Life as a small business owner can be challenging and with a young family, it’s definitely a balancing act. During the pandemic, I heard the phrase ‘living at work, rather than working at home’ and this really resonated with me since the launch of my soft drinks business back in 2016. I’ve had to accept the messy, blurred lines between home and work, work-time versus me-time, carving out time for myself, for family, for friends, fitting in the kids, playdates, weekend plans – life can be one big juggle.
In the early days of Bon Accord, when my first baby was only months old, I would often meet friends in the morning, bonding with them over sleepless nights, routines and the need for coffee and cake. We would then say our goodbye and I would go home to get stuck into writing a business plan. I had almost forgotten this until my friend reminded me recently. I found starting my business really difficult. There was just so much to get my head around, so many decisions to make, so much to do, and the endless lists! However, much like childbirth, I forgot the pain over time and things slowly got easier. I love looking back over my old notebooks and to-do lists thinking how far we’ve come. I am an avid list writer and beyond my daily work list, I have my medium- and longer-term business goals. It’s not just work lists, there’s all my personal lists too; things for the home, general life admin that needs sorting out, shopping list, meal planning, birthdays to buy for, things I’m grateful for…. I’m truly lost without my notebook and pen or the notes on my phone. For me, list writing helps me feel calm, grounded and in control.
However, even the best laid lists and plans can go astray. On Hogmanay 2020 I was party-ready (well as party-ready as things got in the middle of Covid lockdown with two young kids… party for 4, anyone?) Dress on, gin & tonic in hand, away to commence another game of Dobble and I received an email saying that a recent grant application needed updating so I had to drop everything and sort it out. I opened my laptop at 7pm on Hogmanay to ensure the funding was in place for projects we wanted to start in January. Over the past few years, I have come to learn that I can’t control and micromanage every part of my life so now I try to enjoy the journey and accept that ups and downs are all part of it.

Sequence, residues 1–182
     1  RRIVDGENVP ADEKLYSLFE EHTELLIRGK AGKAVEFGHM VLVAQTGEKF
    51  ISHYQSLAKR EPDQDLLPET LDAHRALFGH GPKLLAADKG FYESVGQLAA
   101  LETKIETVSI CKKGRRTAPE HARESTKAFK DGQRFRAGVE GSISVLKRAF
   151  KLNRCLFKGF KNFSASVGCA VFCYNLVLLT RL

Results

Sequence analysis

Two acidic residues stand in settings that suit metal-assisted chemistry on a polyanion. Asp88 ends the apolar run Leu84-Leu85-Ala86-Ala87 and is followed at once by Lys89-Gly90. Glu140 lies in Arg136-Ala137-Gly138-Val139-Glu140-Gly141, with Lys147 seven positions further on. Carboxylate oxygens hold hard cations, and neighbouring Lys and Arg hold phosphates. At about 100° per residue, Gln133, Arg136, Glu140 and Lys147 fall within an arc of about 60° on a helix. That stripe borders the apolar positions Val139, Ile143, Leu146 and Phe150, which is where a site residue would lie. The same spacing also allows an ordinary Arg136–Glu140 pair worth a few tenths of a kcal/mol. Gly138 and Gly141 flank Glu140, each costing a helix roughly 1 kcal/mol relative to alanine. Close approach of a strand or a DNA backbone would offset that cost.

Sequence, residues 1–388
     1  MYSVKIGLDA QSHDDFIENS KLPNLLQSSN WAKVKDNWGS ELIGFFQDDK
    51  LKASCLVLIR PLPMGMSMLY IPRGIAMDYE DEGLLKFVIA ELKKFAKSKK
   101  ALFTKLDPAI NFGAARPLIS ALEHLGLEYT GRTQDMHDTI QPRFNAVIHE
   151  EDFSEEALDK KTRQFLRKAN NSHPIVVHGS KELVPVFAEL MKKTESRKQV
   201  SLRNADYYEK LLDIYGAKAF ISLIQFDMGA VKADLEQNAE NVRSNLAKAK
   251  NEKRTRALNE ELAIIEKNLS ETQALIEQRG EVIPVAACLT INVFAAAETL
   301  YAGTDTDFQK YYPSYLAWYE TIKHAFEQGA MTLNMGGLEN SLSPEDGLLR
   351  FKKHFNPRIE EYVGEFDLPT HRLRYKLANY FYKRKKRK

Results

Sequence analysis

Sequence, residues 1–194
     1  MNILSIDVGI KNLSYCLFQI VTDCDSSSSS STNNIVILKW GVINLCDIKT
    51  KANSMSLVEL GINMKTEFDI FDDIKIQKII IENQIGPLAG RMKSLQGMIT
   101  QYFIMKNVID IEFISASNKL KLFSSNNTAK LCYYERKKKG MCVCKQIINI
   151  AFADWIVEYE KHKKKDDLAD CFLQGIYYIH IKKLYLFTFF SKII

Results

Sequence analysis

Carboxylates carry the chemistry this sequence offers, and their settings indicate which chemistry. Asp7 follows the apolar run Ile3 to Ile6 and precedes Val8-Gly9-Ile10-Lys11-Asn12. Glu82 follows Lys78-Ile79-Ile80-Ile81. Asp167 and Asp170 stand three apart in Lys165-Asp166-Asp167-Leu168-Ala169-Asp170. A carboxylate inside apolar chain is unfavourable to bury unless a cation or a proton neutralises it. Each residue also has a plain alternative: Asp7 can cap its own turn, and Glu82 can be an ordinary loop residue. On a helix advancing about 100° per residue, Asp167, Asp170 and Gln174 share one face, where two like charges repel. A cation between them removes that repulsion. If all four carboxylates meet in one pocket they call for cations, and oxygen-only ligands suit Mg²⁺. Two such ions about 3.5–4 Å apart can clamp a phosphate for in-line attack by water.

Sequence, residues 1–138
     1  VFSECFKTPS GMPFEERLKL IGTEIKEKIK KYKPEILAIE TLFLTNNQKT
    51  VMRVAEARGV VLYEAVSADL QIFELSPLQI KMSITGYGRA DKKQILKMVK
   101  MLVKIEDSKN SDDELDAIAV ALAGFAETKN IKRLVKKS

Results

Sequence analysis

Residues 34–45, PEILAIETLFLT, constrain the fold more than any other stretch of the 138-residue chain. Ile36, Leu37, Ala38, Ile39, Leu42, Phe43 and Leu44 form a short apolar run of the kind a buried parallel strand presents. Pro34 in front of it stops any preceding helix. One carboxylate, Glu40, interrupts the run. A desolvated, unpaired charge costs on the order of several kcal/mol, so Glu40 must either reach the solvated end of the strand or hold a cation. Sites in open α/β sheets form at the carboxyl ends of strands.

I read and hear about a lot of female business owners experiencing imposter syndrome, doubting their abilities or feeling like a fraud. I have come up against these feelings as well as prejudices, such as being asked who owns my business...Eh, I do! I regularly found myself in a room full of middle-aged men in suits at networking events, struggling to find common ground for conversation and having to overcome the sense of not deserving a seat at the table (or place in the room). As women, we often have a different approach and perspective on things and we definitely have valuable contributions to make to our industries.
Recently, I was out for a quiet Tuesday afternoon wander in our local park with my children when I received a call from a national journalist asking for a quote on the recent crisis in the drinks industry. My initial thought was that I should just say that I’m not qualified to comment, but she wanted the view from a female business owner and I realised that I’m exactly the right person to comment on this. I gave a quote about the Scottish drinks industry, our unique business and the challenges we’re facing, whilst my kids were running around carefree, asking me for a Cream Soda and to push them on the swings. Sometimes life can be hectic and I wear many different hats: wife, mother, sister, friend, auntie, business owner, business partner, employer, yogi…but that’s just the way I love it.
If you’re thinking about setting up a business or are on that journey already, I hope you’re doing something you truly love. It isn’t easy, but with hard work, flexibility and many (many) lists, it’s absolutely worth it!
(Reposted from October 2021)